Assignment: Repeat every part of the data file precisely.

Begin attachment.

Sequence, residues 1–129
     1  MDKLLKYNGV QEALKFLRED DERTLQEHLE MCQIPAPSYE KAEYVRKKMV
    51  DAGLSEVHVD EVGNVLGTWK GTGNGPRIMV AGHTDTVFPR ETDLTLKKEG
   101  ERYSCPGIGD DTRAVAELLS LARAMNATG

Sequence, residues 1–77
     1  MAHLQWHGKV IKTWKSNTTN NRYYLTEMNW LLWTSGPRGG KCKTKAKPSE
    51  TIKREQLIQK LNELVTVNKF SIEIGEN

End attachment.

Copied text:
Sequence, residues 1–129
     1  MDKLLKYNGV QEALKFLRED DERTLQEHLE MCQIPAPSYE KAEYVRKKMV
    51  DAGLSEVHVD EVGNVLGTWK GTGNGPRIMV AGHTDTVFPR ETDLTLKKEG
   101  ERYSCPGIGD DTRAVAELLS LARAMNATG

Sequence, residues 1–77
     1  MAHLQWHGKV IKTWKSNTTN NRYYLTEMNW LLWTSGPRGG KCKTKAKPSE
    51  TIKREQLIQK LNELVTVNKF SIEIGEN